If you've just tuned in, kids, you may remember that yesterday we were talkin' about Electro, the Marvel (Comics) of the Age, Timely's contribution to the "super-robot destroys enemies against America" genre that kept our spirits up and had America's troops on the move throughout World War II. Until Tom Hanks develops a 13-part miniseries for HBO entitled "Robots: America's Last Line of Defense Against Super-Nazis," old Electro probably isn't going to be making a big comeback any time soon. He did feature in J. Michael Straczynski's retro-fest The Twelve...
...so it's perhaps not impossible that we'll soon be seeing a new Electro monthly written and penciled by Walt Simonson, or The Marvel of the Age stepping up to lead the all-powerhouse team of the Electric Avengers (Vision, Machine Man, The Original Human Torch, Awesome Andy, Albert the Wolverine Robot, Agent Cheesecake, Robot Stalin, and H.E.R.B.I.E.). Or even Electro Team-Up. Until then, we'll just have to console ourselves with the adventures of Electro's real life counterpart, Elektro, the Westinghouse Robot. Who had no comic book adventures. Or...did he?!?!?
Yes. Yes, he did.
Holy humanoids! Is that character
To find out how Elektro made his way to the DC Universe of Super-Stars, take a big steaming gander at that talking ball and pointy thing in the first panel. That's actually the Trylon, Perisphere, and Helicline of the famous 1939 World's Fair in Flushing, New York...
...and immortalized for all time as part of the DC Universe in the 1939 and 1940 comic books Superman and Batman's Questionable Vacation Special, re-named just in time to
As we saw in video yesterday, Elektro, the amazing mecho-man created by that crack robotics team at Westinghouse (at least until they were pushed sideway into working on the frost-free technology instead of thinking automotons), debuted in the Westinghouse Pavilion at the World's Fair. While he appeared there, Elektro had the great honor of meeting Elizabeth (later, the Queen Mother) of England and falling deeply in love with her, but due to his golden and honorable robot-heart, was unable to express his feelings even tho' she was wed to the evil alien starfish conqueror Starro in the form of King George VI. Luckily Johnny Quick (in the blue suit and white hat) was there to film the proceedings for later buffs of ephemeral film, and helped Elektro stave off a mass invasion of starfish by forcing them to mate with the Fair's Trylon instead of completing their plans of conquest. (Pretty much every word in this paragraph is one I've made up, but I prefer to call it a retcon, because if Roy Thomas can do it, so can a little stuffed bull.)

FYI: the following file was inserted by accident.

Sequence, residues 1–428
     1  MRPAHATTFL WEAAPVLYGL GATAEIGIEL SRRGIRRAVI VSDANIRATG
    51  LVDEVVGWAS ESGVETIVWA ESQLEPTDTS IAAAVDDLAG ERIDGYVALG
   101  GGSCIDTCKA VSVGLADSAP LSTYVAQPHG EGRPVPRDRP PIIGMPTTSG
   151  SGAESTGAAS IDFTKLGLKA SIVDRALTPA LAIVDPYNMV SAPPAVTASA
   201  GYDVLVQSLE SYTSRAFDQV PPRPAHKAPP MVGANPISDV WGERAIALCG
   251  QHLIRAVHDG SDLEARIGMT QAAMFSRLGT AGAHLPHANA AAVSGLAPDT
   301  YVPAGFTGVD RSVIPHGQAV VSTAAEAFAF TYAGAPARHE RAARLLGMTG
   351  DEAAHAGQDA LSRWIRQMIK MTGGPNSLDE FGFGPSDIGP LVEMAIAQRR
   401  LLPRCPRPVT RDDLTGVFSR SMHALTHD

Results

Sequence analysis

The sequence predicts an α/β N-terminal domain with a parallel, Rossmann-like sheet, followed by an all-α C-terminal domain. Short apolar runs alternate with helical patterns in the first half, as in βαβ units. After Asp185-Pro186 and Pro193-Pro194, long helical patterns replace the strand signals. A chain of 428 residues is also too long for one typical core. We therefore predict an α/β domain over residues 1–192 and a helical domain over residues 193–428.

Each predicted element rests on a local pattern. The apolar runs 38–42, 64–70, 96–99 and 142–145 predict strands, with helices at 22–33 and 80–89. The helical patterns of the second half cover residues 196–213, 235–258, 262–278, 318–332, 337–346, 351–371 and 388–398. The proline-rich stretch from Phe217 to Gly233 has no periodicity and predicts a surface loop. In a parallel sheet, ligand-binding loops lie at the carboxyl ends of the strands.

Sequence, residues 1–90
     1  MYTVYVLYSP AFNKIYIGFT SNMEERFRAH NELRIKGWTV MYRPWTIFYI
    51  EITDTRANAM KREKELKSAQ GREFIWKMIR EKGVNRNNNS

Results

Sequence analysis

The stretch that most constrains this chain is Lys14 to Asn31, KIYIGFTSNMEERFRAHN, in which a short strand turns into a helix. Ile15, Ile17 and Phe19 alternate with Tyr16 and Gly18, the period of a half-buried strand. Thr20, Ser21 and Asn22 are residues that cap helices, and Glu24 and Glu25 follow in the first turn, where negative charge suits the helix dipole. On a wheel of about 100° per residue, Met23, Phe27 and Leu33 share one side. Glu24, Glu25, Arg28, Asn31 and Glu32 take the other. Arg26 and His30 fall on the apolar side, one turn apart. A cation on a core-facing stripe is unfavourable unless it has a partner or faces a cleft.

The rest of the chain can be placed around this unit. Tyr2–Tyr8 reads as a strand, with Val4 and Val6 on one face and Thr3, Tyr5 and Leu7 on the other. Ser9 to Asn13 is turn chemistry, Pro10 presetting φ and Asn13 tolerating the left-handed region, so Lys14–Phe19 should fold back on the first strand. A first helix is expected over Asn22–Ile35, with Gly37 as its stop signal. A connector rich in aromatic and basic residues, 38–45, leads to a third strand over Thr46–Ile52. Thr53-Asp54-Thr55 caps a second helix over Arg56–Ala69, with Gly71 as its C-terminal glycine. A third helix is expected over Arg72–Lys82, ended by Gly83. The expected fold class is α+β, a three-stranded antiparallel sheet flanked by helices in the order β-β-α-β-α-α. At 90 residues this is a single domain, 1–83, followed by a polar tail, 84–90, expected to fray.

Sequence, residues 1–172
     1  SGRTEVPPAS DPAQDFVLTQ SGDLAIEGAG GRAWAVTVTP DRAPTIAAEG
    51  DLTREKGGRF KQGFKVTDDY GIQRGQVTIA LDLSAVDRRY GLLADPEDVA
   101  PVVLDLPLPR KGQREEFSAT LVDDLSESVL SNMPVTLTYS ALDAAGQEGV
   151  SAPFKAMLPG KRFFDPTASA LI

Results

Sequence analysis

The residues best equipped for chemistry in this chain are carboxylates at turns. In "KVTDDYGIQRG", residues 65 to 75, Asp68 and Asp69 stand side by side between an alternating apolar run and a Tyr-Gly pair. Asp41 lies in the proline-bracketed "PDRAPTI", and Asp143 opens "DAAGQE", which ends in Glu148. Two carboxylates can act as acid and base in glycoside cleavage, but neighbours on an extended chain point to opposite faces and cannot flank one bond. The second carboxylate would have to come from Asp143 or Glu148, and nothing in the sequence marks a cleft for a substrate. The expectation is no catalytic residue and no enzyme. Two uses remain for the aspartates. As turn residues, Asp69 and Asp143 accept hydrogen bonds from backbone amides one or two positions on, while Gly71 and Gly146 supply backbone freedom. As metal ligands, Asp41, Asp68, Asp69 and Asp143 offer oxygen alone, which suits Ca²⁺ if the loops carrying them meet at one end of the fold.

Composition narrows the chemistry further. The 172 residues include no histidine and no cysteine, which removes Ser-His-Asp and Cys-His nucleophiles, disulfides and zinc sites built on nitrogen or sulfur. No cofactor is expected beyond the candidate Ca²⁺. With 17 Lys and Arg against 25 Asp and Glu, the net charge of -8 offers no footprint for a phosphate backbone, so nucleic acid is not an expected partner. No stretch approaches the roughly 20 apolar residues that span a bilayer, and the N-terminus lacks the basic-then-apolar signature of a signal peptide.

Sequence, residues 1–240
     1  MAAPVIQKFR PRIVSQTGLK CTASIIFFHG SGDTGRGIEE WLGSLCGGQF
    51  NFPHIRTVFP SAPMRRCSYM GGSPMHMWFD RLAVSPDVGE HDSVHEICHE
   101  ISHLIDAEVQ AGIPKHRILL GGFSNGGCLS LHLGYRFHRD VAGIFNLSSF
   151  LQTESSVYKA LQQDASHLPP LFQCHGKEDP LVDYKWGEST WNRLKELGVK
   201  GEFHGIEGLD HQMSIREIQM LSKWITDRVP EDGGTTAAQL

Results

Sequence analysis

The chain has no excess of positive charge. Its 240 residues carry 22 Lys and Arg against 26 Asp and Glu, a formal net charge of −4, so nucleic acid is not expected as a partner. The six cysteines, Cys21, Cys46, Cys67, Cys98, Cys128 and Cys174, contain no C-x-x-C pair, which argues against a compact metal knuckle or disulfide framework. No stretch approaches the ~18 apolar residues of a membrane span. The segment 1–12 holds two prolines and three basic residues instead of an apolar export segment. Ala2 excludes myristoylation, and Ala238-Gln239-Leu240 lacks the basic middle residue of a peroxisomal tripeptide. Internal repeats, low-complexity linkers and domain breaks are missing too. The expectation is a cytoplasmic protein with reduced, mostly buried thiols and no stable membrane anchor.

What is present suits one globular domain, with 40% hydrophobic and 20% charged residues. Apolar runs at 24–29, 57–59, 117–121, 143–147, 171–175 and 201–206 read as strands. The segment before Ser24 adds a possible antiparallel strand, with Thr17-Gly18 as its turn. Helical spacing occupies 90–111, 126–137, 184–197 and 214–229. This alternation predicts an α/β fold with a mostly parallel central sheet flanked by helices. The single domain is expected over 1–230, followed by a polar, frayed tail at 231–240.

A few years pass, the World's Fair is closed, the buildings become abandoned derelict. Despite the 1940s require of every superhero to have a secret identity of a playboy billionaire, the All-Star Squadron adopts the World's Fairground as their headquarters, partly because of its central location, partly because of its patriotic symbolism, but mostly because they're squatters and don't have to pay one thin dime of rent to Mayor Fiorello "Dropyer" LaGuardia, who would later sell off his own name to a young and up-and-coming airport to get New York out of its fiscal crisis.